The Terrex Speed Ultra fits more like a glove than a thickly padded shoe. They have a super soft heel counter, and I love minimal heel counter. It scores just a 1 out of 5 on our scale,1 being the most flexible. 

Adidas Terrex Speed Ultra Back Angle.jpg

The upper doesn’t have a ton of giving, so the lockdown was great, and I felt solid and secure even on the technical trails I threw at the shoe. The laces follow suit and are not stretchy at all, again scoring a 1 out of 5 on our test, 1 being the least stretchy, offering tight lockdown over the top of the foot.  

Adidas Terrex Speed Ultra Lacing.jpg

Other than needing a heel pull loop there’s not much else to say about fit other than Adidas nailed it in this shoe. It’s not overdone, there’s no heel slip, padding is minimal and my wide foot is happy without having to give up on any compromises. 

Comfort is subjective 

This is really more of a race shoe, so comfort is subjective, but with that being said, I find this shoe extremely comfortable.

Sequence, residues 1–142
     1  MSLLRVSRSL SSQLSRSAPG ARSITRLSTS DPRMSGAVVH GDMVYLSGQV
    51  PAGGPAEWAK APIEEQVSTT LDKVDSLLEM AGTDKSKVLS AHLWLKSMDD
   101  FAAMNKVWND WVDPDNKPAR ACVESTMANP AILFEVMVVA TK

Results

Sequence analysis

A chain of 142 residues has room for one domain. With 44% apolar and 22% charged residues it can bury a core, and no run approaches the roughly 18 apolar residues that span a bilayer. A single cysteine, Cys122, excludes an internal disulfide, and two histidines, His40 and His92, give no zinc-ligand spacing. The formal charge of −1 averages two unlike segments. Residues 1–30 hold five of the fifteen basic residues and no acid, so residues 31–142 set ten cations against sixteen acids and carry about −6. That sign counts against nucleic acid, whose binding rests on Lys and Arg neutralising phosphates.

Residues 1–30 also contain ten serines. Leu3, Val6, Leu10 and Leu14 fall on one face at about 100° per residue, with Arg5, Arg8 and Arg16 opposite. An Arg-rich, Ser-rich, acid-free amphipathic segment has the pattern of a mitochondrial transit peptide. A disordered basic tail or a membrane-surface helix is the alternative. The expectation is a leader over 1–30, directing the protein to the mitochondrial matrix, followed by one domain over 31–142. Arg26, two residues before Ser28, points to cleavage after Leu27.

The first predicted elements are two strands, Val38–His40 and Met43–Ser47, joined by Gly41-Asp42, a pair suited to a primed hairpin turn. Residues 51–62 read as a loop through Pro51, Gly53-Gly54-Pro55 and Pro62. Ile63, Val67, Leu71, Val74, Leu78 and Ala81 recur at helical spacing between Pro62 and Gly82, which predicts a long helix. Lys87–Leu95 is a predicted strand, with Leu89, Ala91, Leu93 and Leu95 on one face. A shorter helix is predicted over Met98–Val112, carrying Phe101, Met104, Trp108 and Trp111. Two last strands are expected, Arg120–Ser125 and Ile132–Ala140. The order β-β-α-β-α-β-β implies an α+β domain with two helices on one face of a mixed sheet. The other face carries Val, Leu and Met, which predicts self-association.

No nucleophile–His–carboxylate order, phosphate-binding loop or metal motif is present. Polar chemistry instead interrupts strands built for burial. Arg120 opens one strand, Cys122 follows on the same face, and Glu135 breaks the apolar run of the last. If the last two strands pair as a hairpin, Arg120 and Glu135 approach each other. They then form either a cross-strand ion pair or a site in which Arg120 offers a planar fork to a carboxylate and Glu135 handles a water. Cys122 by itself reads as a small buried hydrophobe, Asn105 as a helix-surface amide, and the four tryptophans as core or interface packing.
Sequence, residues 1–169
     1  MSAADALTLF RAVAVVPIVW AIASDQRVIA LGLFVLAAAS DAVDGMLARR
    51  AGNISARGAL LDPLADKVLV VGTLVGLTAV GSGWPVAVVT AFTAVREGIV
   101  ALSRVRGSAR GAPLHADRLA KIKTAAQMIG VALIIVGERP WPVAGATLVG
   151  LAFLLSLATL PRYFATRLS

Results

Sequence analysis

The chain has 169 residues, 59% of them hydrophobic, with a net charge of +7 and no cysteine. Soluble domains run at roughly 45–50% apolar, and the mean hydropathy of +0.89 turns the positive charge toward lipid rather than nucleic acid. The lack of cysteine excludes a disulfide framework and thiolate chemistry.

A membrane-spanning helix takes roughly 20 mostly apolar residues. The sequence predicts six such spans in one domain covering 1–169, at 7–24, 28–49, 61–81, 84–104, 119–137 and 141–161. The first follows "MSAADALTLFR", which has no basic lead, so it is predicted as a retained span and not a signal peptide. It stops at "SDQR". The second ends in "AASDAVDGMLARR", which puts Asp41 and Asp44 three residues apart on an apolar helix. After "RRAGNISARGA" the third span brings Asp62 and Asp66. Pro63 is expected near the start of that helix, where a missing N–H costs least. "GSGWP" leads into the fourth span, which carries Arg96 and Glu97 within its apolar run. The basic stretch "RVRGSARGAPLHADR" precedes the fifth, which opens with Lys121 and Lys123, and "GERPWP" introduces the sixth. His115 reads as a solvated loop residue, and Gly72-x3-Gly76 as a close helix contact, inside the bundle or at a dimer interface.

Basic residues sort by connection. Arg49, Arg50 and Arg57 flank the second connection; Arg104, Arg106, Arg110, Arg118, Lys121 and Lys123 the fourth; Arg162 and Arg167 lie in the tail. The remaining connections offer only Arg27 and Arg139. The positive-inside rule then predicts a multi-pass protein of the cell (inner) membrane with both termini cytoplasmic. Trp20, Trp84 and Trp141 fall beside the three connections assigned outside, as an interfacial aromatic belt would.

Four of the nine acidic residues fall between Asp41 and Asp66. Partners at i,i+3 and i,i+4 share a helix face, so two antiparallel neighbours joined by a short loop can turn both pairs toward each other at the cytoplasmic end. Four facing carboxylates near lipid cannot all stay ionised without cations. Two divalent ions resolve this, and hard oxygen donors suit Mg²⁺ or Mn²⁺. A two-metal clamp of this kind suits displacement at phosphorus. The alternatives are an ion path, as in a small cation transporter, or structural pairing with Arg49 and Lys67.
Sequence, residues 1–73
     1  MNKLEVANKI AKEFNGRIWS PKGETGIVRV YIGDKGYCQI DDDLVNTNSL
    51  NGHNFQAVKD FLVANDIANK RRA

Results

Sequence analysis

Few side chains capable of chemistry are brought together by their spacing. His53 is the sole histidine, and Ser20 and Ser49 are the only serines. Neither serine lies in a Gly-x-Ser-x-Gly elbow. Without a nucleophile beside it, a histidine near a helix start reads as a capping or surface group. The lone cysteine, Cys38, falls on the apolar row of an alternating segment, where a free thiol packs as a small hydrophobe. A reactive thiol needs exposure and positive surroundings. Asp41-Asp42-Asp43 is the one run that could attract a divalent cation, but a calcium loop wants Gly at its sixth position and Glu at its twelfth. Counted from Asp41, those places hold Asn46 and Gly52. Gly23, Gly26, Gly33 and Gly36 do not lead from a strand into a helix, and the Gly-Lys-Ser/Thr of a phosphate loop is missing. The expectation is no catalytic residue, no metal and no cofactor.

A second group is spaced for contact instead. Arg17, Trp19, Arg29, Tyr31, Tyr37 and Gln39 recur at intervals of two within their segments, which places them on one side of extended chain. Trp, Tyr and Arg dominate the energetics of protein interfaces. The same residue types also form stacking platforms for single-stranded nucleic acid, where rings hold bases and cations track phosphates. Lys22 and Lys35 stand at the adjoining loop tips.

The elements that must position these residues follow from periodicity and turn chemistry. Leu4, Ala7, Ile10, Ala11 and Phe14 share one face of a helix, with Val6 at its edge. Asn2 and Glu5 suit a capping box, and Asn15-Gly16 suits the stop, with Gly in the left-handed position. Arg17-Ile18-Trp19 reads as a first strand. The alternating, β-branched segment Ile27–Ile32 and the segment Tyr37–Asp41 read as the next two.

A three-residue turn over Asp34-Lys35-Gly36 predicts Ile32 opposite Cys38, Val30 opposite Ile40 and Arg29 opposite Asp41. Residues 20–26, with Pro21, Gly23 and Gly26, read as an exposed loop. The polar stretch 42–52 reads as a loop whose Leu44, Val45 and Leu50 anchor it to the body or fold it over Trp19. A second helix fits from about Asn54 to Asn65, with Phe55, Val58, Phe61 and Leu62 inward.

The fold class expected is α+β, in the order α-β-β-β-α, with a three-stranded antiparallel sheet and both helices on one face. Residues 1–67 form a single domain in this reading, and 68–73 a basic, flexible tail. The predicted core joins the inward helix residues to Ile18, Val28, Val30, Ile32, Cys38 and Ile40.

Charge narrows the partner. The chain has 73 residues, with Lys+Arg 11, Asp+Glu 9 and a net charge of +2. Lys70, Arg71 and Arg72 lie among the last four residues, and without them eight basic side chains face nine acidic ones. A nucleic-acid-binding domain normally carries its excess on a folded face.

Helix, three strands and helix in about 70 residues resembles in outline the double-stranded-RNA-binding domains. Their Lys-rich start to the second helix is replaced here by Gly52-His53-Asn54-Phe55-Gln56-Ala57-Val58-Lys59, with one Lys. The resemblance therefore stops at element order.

It offers enough protection without fear of hurting your feet, while it’s not a minimalist shoe it’s also very far from a maximalist design that’s more in trend right now. 

It has a thin 2.7mm removable insole that keeps these feelings light but grounded and the tongue follows suit at just 3.7mm it’s also thin and more minimalist than many competing shoes. 

The tongue is perfect in my opinion, not too bulky but enough to ensure no lace bite, and it will dry quickly if it gets wet compared to average shoes (5.5mm) padded tongues. 

Adidas Terrex Speed Ultra has a sweet ride 

First off, again this shoe runs a bit more like a racing flat or a beefed-up minimalist shoe, think Saucony Switchback 2, instead of the more trendy rockered, big-stack shoes these days. 

It has an 8mm drop, 32.8mm of heel stack, and 24.6mm in the forefoot. 

Adidas Terrex Speed Ultra Side.jpg